Recently we had a cuppa (and a laugh) with skyrocketingly successful indie Expectation’s Head of Development in Factual, Emily Dollman. She rather unwisely let us pick her brain about the weird and wonderful world of TV ideas generation, crazy pitching props and what not to say in an interview…
- How did you get into the world of TV, and then development specifically?
I studied Broadcast Journalism at City University, and so went down the journalist route to begin with. I was working at Radio Five Live when I realised reporting really wasn’t for me, so pestered every production company in Britain to give me work experience, and eventually Tiger Aspect said yes. Those were the days where you worked for free when you were on work experience, so it was happy but hungry days!
- What’s the most interesting & original concept you’ve watched on telly recently?
I think Sex Education on Netflix is brilliantly original: blending the nostalgia of the 80s in its setting and style with the present tense narratives of teenage sex problems is joyous. I like to look to drama for inspiration for non-scripted, both for concept but also style execution.
- How has TV development changed since you started in the industry?
It’s far harder
to get commissions now! Only kidding. But I do think the game has upped,
especially with materials – tapes and treatments need to be super slick now to
punch through. I think there’s also a recent nod back to traditional formats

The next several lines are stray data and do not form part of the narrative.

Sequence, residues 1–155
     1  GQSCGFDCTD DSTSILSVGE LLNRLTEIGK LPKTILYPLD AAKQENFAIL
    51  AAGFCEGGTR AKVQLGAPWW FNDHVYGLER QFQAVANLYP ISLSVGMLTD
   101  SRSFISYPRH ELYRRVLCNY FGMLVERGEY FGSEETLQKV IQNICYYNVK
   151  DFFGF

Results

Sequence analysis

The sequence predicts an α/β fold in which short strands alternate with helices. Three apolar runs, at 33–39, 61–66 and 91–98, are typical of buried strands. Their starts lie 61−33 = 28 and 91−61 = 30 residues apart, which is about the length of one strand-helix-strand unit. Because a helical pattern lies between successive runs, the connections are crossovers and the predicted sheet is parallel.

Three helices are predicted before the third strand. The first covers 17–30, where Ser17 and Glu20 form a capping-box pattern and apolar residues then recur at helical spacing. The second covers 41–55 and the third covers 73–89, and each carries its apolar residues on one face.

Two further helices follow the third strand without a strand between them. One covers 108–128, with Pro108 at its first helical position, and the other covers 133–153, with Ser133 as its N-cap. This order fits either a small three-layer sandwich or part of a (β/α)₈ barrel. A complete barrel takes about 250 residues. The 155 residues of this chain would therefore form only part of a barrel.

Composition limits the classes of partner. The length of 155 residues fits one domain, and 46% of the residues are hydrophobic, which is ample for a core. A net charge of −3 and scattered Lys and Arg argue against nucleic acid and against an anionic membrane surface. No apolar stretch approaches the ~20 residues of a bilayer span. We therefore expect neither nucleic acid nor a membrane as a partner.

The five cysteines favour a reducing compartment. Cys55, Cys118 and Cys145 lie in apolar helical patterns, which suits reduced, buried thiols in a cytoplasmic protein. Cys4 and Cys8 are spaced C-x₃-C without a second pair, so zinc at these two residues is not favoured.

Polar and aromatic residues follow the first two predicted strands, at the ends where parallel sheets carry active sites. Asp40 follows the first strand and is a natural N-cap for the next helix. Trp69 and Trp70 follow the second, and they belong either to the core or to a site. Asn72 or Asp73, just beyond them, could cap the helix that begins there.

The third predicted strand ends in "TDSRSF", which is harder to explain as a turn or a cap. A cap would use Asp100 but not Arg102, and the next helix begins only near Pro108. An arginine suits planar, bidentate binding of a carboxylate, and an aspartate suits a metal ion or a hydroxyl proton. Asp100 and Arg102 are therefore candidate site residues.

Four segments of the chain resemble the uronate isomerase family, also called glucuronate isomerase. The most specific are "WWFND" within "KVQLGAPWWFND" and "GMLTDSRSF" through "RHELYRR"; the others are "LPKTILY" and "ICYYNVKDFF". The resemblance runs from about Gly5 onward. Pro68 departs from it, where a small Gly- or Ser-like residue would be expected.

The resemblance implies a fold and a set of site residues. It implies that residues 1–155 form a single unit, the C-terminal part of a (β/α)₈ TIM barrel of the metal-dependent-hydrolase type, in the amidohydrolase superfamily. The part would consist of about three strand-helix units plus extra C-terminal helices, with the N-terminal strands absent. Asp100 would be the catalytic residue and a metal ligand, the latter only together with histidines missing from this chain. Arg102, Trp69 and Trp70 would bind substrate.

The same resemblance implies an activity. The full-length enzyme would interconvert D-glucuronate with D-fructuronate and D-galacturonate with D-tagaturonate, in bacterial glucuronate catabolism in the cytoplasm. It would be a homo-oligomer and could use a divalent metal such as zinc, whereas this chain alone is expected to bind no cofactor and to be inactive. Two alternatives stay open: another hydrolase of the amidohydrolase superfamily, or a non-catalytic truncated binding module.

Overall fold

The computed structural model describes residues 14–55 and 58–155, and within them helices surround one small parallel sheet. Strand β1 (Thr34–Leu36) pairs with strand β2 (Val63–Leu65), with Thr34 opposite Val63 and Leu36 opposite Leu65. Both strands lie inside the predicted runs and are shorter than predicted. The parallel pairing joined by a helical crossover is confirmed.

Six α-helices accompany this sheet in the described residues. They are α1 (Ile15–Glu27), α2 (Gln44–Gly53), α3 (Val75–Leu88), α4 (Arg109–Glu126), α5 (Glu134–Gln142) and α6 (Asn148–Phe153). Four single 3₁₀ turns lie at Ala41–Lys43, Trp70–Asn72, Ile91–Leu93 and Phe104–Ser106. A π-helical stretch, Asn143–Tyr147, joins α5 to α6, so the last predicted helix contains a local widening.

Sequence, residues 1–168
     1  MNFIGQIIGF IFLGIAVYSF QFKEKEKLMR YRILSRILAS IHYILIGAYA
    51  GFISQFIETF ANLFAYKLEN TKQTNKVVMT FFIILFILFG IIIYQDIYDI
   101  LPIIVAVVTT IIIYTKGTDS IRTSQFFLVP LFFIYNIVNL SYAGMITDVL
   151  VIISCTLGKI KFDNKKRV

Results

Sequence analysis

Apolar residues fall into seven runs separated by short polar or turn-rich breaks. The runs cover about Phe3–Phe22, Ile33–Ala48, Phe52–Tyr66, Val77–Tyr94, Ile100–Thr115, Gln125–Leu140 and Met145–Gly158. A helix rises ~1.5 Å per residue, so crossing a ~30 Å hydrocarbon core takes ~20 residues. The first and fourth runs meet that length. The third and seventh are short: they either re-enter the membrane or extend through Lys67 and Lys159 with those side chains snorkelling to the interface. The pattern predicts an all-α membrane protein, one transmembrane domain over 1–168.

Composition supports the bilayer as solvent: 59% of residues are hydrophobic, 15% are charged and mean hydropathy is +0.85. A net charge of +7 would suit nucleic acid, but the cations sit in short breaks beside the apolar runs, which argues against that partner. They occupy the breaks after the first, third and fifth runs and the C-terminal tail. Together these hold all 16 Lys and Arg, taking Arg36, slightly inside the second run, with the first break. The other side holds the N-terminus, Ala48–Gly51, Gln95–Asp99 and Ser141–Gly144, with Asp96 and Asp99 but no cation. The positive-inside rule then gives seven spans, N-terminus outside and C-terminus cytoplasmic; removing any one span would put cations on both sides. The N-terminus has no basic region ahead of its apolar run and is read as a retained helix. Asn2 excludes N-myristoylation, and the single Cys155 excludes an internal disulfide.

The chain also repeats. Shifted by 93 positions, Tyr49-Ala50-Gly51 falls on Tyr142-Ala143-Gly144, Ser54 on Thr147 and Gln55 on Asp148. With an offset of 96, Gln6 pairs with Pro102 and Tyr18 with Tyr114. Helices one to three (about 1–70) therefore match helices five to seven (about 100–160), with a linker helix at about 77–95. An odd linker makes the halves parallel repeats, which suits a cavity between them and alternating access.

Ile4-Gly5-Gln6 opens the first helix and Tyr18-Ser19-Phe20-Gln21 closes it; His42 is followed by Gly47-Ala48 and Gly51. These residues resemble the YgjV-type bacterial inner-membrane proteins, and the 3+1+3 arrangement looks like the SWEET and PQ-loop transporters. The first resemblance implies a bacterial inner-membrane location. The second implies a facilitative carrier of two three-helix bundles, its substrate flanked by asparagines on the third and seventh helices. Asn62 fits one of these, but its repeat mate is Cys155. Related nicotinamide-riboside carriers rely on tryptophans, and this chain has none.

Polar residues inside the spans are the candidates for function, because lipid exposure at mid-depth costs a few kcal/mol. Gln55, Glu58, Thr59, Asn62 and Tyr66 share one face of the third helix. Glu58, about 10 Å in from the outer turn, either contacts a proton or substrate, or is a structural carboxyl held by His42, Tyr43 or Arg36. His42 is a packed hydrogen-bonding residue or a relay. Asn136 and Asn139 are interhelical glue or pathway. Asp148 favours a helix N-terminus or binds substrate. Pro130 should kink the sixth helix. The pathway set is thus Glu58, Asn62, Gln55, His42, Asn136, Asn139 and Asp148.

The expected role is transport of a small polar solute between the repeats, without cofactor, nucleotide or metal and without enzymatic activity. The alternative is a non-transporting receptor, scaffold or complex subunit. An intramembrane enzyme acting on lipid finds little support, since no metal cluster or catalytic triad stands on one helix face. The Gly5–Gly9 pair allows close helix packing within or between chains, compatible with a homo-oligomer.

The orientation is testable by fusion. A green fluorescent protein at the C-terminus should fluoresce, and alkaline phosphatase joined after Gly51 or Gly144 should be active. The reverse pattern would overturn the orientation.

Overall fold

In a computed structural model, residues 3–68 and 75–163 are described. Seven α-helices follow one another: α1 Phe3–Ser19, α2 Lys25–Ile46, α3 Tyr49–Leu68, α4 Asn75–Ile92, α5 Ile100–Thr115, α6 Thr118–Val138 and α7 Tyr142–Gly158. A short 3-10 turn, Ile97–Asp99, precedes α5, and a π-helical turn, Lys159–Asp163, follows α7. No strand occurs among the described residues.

which went out of fashion for a while, and now with things like the return of Queer
Eye, those features spaces are back in vogue. Which for a formatter like me is
- What’s the best bit about your job?
Coming up with
ideas. Hands down. Getting to brainstorm and talking about concepts gives me
such a buzz, I love devising ideas and then working out the best way to convey
and pitch the idea to a broadcaster.
- It’s a fascinating time for TV at the moment. What we’re watching, the way we’re watching it… What trends do you predict for the future?
I don’t believe
the scare mongering that linear TV is dead, I think we will always watch must
see shows at the time they’re scheduled. But I am so excited by the scope of
the new ways we can consume the TV landscape – it should be embraced into ideas
from concept level – how we make our ideas more accessible for multi-platforms
is a really exciting challenge.
- What do you look for in a great development team member, at any level?
Good ideas is an obvious one but a must, reading the news and articles from lots of places not just The Guardian or The Daily Mail, and most importantly enthusiasm. The other thing is a love of telly. You’d be very surprised about the amount of people I interview who say they don’t actually watch TV!
- First ever paid job before TV?
I worked as a
barmaid in a Frankenstein themed pub. No joke.
- First ever paid job in TV?
The Home Show –
a property programme on Channel 4.
- Format you wish you’d come up with?
- Weirdest prop you’ve taken into a pitch?
I once got a billboard printed for an idea to show what the adverts would look like on the side of a bus.
- Maddest idea you ever pitched?
I couldn’t possibly
disclose that… it might still happen one day!
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